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Author Topic: I spent the afternoon in the storage cabinet of my 2350  (Read 1649 times)
JJCruiser
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« on: July 13, 2013, 08:55:25 pm »

As I look back on the day, I spent much of the afternoon in the outside storage cabinet of my 2350.  I am posting this as others might find some of the information valuable.
The initial plan was to try to improve the hammering that we hear from the fresh water pump.  With the pump right underneath the corner bed of the 2350, it can be a little annoying at night when others are sleeping.  A while back I ran across a new pump (Flojet Sensor VSD Pump - 4.5 gpm) that claims to:

"Flojet's unique Variable Speed Drive system needs no pressure switch. Its microprocessor provides precise speed control to match the system demand. As more water is needed, the motor drives the pump for more flow. As the demand lessens, the motor slows to a super-quiet speed, yet maintains a steady pressure. The result is an unbelievably home-like flow. This smooth performance from no flow to maximum flow is sensor controlled, without any cycling - so an accumulator tank is not needed. The system is free of pulsation, water hammer and temperature swings. Amp draw reduces as flow reduces to conserve energy, ranging from less than 1 amp to a max.of 10 amps. Self priming up to 10'. Automatically adjusts to 12V or 24V input. "

The pump was rather pricey at nearly twice that of a standard pump but I thought I would give it a try.  I finally got around to it this afternoon and the installation was rather easy.  Unfortunately as I turned on the pump it was as loud as my original pump.  I thought the new pump was even more annoying due to the fact the frequency of the hammering would vary with the water flow.  I then thought that maybe some pipes were loose and were banging against each other so I removed the back corner panel in my storage compartment.  Sure enough the fresh water tubes were rattling against each other and I used some pipe insulation to correct that.  But I still had the hammering of the new pump.  I put the old pump on and the noise was improved with the pipe insulation.  Base on this, I think the folks with the accumulator approach have the right idea.  I will try to call the manufacturer next week to see what the have to say.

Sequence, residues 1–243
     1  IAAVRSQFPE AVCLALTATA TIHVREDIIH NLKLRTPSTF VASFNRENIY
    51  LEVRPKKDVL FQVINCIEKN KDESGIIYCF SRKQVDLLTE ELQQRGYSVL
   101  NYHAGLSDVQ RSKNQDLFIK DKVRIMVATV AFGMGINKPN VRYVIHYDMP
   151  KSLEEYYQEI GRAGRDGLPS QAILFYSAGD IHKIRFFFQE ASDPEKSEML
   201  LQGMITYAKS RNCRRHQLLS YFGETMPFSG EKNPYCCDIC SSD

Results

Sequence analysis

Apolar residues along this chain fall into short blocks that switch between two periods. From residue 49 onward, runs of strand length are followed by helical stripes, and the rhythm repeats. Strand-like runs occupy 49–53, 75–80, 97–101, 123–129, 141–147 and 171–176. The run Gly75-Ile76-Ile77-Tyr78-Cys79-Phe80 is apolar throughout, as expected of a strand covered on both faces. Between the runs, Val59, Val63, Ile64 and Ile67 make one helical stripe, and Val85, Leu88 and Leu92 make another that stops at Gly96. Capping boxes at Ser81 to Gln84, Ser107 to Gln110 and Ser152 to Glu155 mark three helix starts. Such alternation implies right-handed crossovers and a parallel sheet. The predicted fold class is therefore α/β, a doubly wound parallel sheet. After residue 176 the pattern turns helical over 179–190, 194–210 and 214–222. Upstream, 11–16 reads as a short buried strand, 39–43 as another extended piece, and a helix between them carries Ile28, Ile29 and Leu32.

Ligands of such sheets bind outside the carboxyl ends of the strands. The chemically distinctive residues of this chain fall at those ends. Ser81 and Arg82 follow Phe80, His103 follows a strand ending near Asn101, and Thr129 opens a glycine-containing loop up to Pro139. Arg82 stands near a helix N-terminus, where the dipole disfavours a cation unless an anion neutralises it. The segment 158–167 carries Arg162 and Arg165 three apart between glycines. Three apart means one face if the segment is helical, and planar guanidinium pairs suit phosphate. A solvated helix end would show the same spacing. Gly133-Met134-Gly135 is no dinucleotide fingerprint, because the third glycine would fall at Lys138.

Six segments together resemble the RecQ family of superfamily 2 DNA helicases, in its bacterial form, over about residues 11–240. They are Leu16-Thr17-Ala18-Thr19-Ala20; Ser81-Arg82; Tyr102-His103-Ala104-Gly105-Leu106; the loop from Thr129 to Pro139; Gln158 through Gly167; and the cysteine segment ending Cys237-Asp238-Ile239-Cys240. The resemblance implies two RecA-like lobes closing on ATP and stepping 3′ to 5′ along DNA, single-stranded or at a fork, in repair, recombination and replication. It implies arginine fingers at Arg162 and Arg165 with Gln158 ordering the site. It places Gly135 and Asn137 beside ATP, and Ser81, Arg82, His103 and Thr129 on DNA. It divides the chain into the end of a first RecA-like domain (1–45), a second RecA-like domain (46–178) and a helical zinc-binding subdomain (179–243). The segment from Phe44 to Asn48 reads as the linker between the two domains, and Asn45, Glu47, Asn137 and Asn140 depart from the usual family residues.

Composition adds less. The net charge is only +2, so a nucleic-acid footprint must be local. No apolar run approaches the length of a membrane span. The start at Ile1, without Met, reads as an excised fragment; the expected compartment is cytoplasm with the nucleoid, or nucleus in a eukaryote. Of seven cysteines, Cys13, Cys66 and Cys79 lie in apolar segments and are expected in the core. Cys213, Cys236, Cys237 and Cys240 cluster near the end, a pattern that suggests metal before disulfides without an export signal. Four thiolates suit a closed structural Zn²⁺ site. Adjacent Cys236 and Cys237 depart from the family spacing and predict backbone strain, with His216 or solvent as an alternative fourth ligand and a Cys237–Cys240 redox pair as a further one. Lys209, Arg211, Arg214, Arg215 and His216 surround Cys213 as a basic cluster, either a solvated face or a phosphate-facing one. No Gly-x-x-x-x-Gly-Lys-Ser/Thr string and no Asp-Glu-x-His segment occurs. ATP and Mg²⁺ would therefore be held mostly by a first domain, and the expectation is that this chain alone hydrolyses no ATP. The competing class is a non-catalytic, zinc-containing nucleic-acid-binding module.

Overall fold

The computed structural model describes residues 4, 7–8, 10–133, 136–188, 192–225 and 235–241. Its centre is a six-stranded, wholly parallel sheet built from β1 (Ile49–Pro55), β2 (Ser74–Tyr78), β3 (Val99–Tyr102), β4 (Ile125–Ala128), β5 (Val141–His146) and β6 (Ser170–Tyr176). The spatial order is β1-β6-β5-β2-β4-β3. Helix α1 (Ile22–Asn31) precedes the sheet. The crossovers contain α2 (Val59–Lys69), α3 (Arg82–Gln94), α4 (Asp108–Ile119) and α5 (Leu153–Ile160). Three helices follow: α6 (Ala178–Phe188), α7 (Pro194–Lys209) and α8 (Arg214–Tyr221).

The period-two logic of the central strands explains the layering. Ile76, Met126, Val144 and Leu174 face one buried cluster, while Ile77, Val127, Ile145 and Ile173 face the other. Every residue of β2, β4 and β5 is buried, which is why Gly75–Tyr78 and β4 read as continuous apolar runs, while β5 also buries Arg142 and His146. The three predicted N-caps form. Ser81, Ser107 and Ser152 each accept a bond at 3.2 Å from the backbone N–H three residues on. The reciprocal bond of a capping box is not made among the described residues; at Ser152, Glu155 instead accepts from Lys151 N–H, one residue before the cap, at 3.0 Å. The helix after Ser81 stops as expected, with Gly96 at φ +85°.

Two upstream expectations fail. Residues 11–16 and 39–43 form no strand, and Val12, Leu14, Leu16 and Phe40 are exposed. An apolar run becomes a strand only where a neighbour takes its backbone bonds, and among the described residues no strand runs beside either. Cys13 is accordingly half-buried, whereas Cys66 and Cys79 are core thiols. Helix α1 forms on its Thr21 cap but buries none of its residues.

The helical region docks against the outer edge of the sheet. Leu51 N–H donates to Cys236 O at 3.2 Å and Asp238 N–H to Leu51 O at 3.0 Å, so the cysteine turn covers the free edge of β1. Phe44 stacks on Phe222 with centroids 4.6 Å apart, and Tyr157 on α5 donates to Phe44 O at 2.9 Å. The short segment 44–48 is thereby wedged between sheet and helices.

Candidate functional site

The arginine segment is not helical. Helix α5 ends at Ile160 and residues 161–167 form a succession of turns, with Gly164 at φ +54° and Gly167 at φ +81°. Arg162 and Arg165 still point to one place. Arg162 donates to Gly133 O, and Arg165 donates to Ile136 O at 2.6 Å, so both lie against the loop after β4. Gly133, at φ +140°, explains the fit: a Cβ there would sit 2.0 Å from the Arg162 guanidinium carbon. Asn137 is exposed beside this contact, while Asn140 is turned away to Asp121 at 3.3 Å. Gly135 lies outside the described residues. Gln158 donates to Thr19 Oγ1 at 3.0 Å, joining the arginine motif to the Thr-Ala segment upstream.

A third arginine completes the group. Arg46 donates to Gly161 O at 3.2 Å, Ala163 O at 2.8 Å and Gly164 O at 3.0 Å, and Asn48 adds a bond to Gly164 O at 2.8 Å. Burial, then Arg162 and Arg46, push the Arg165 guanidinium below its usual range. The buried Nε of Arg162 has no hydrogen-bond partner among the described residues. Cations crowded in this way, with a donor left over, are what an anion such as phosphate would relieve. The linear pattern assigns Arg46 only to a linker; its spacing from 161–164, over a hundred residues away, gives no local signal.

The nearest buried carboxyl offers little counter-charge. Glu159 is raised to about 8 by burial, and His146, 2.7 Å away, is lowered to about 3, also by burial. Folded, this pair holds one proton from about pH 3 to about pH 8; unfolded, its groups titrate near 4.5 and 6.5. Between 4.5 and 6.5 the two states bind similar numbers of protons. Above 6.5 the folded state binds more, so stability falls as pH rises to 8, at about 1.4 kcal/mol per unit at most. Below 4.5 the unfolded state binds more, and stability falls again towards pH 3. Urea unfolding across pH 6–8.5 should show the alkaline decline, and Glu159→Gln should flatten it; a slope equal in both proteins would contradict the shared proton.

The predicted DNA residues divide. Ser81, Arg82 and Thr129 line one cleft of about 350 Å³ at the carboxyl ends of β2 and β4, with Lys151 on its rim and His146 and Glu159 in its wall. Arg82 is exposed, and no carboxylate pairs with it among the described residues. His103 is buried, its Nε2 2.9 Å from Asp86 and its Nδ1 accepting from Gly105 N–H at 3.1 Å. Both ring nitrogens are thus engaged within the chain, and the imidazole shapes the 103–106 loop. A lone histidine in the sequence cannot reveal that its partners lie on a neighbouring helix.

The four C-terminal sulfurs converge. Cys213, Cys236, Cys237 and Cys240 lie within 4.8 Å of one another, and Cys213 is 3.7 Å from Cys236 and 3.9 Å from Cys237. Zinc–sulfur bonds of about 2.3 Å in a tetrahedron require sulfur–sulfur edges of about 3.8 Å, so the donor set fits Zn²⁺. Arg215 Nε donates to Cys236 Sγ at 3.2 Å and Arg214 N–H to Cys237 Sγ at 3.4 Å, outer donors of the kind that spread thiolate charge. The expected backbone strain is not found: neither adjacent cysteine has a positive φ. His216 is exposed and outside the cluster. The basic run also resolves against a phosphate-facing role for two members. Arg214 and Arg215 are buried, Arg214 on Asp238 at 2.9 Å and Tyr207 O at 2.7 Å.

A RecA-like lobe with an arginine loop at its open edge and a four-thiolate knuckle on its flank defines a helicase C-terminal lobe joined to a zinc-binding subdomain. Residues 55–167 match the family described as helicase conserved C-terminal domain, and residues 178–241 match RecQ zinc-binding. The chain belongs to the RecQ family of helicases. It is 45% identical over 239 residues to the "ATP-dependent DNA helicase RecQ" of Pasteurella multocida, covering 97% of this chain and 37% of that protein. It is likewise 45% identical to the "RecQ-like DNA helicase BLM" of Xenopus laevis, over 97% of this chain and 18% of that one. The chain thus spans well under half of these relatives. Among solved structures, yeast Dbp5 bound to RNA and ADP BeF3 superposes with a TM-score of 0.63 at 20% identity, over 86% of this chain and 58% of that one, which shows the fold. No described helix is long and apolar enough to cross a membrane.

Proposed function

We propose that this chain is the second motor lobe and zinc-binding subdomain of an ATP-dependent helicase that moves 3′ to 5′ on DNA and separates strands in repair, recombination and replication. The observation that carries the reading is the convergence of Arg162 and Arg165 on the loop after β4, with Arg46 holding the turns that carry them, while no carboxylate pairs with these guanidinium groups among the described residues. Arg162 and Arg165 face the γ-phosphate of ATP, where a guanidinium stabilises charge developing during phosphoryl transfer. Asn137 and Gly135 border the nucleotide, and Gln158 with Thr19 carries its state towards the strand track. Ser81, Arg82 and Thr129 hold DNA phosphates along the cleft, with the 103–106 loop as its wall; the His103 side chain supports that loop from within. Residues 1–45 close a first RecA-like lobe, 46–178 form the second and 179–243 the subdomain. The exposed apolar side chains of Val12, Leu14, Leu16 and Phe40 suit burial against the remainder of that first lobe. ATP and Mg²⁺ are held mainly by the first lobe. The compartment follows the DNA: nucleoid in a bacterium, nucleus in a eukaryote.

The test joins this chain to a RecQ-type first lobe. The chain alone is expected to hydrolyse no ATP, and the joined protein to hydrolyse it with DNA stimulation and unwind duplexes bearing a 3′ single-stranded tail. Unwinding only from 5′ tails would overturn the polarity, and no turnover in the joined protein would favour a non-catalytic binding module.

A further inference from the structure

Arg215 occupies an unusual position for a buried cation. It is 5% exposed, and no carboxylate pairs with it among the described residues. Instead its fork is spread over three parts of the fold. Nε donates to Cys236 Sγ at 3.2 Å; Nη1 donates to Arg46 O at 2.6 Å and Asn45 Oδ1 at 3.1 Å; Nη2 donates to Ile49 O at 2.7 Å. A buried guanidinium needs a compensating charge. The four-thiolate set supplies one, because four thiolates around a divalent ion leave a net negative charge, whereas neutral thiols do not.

Well while I had the storage compartment empty I thought I would check to see why when I fill my fresh water tank, shortly after I start I would get water flowing out the input as I fill it up.   I would have to really slow the water flow down to keep water escaping which really added to the time to fill the tank.  There is a vent right next to the opening where you fill the fresh water tank but it did not seem to be doing the job.  So I opened that wall of the cabinet to see what was going on.  I am glad I did as I found that the clear tubing that goes to the vent was full of water and the clear tubing was very black on the inside.  The tube had a big loop that would collect water because both ends were higher then the loop.  There was no place for the water to escape and would in effect block the flow of air in the vent.  In addition the tube had a kink that pinched off air flow as well.  I am sure water had to collect over the winter months and freeze in this tube.  I haven't been able to determine a good reason why the loop was installed like it was, anyone have any ideas?  I went ahead and took that tube out and replaced with a new clear tube.  This time I still have a loop in the tube, but I have the loop above both of the ends so water can not collect.  Also the top of the loop is now higher then the top of the tank to minimize the likelihood that water would escape out the vent.  I am glad to get that black tube out of my fresh water system.

The big win for the afternoon is finding extra space for outside storage.  The space is 8" x 12" x 24", just enough to be of some value.  This is the space between the fresh water tank and the side wall of the rv.  I will attempt to post a couple of pictures to better show the original black tube, the extra space I am claiming for storage and the installation of the new clear tube.

Even though the new pump did not work out, I did make some progress for all the time I spent in the storage cabinet.  I hope some of you find some value in this post.

JJ

« Last Edit: July 13, 2013, 09:00:05 pm by JJCruiser » Logged
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« Reply #1 on: July 13, 2013, 09:42:58 pm »